Stellar Question: Extrasolar planet or failed star?

Astronomers have dreamed of photographing a planet orbiting a star outside the solar system. Last week, researchers announced that a tiny dot of light next to a young, sunlike star might be that long-sought image. But the discovery could be sinking under its own weight.

MYSTERY OBJECT. Tiny dot of light to the right of the star GQ Lupi in this image is either a brown dwarf or the first image of a planet orbiting a sunlike star. ESO

The body lies near the star GQ Lupi, 450 light-years from Earth. Last year, Ralph Neuhäuser of the University of Jena in Germany and his colleagues used the Very Large Telescope in Paranal, Chile, to obtain several images and spectra of the object. Archived images reveal that the object was first seen by the Hubble Space Telescope in 1999. The old and new images indicate that the body is bound to GQ Lupi but lies much farther from the star than Pluto does from the sun.

Other astronomers agree with those conclusions but debate the team’s estimate of the body’s mass. The standard way of determining the mass of a proposed extrasolar planet is to record the wobble that it induces in the motion of its parent star. But because the recently imaged body lies so far from GQ Lupi, the wobble isn’t detectable, and researchers must rely on models that use the temperature, size, and brightness of the body to estimate its mass. Such models are unreliable for extremely young objects such as the roughly 2-million-year-old companion to GQ Lupi, notes Didier Saumon of the Los Alamos (N.M.) National Laboratory.

Using two models developed by members of their own team, Neuhäuser and his colleagues calculated that the body probably has a mass between one and two times the mass of Jupiter. However, when the team used another model, which they claim is less applicable, they found that the body could tip the scales at a weight up to 42 times that of Jupiter. The researchers will report their findings in the May Astronomy & Astrophysics.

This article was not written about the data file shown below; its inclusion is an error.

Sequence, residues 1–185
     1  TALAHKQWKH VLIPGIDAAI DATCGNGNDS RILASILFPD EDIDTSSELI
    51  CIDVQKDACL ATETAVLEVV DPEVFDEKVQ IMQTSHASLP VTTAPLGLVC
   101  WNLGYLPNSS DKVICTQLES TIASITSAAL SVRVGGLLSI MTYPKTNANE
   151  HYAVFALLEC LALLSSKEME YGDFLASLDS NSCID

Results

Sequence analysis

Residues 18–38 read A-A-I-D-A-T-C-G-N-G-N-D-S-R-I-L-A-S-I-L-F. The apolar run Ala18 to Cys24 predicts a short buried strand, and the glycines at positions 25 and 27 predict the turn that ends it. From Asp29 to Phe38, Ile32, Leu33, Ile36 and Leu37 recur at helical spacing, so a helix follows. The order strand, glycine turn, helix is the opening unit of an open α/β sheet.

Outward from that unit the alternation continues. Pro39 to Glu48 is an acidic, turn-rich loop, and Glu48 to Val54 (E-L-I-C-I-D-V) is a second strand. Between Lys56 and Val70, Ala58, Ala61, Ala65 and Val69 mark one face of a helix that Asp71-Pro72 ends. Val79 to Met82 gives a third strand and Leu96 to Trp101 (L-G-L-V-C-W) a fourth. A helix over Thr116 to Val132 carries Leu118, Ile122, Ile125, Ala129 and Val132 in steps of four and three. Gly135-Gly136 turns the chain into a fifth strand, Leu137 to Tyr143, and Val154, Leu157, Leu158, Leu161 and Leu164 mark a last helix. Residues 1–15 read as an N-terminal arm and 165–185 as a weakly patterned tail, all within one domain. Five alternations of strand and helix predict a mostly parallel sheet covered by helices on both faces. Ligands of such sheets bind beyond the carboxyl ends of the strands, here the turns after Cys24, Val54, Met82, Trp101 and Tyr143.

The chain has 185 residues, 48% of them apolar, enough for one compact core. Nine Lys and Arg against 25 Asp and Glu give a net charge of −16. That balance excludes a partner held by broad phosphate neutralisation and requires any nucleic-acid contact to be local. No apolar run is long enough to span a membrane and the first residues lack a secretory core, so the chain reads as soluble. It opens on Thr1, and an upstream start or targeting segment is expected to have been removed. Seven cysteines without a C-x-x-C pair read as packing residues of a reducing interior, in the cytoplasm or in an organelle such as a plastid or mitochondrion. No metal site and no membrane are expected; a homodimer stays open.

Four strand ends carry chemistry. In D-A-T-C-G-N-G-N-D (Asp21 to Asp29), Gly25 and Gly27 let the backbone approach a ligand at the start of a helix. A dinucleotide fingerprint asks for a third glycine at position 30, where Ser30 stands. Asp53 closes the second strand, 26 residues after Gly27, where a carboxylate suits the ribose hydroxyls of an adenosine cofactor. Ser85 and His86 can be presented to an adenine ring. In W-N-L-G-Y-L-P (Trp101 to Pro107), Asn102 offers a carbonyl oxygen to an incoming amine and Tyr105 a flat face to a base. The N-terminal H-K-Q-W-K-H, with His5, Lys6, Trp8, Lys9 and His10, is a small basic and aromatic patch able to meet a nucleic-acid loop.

The high-end estimate places the object beyond the widely accepted 13-Jupiter-mass limit for a planet. Instead, the object would qualify as a brown dwarf, a body that forms the way stars do but quickly fizzles out. Astronomers have captured several images of brown dwarfs orbiting stars.

Mark McCaughrean of the University of Exeter in England says that the models the discovery team favors are unpublished and largely untested. Relying on a published and tested model of the brightness and temperature of young planets, he calculates that the object is a brown dwarf weighing between 15 and 40 Jupiters.

Gibor Basri of the University of California, Berkeley says that the object could be a planet after all. He bases his conclusion on models that his own research team has used to estimate the weight of tiny bodies seen in a separate region of the sky.

If the object around GQ Lupi is indeed a planet, it must have formed closer to the star than it now resides, some 60 to 130 times the Earth-sun distance. Planets coalesce from clouds of dust, gas, and ice that swaddle newborn stars, and the density of such material isn’t enough at great distances from the star to form a Jupiter-mass body. An unseen companion planet might have flung out the planet to its current location, notes Neuhäuser.

Saumon notes that the object’s large distance from GQ Lupi makes it even more likely to be a brown dwarf, not a planet. In contrast, the recently announced detection of infrared light from a closely orbiting planet with a well-characterized mass, even though it doesn’t constitute an image (SN: 3/26/05, p. 195: Alien Light: Extrasolar planets are detected in new way), is far more intriguing, he says.

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